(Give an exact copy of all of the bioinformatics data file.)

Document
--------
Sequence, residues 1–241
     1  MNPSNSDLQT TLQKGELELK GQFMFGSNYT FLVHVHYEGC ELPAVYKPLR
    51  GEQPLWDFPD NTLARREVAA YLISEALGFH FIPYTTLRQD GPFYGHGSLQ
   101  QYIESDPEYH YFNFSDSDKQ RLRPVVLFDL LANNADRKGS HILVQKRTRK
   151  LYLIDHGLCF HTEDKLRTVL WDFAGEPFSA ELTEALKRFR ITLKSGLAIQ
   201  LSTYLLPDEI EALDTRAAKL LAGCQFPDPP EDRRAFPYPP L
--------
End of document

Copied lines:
Sequence, residues 1–241
     1  MNPSNSDLQT TLQKGELELK GQFMFGSNYT FLVHVHYEGC ELPAVYKPLR
    51  GEQPLWDFPD NTLARREVAA YLISEALGFH FIPYTTLRQD GPFYGHGSLQ
   101  QYIESDPEYH YFNFSDSDKQ RLRPVVLFDL LANNADRKGS HILVQKRTRK
   151  LYLIDHGLCF HTEDKLRTVL WDFAGEPFSA ELTEALKRFR ITLKSGLAIQ
   201  LSTYLLPDEI EALDTRAAKL LAGCQFPDPP EDRRAFPYPP L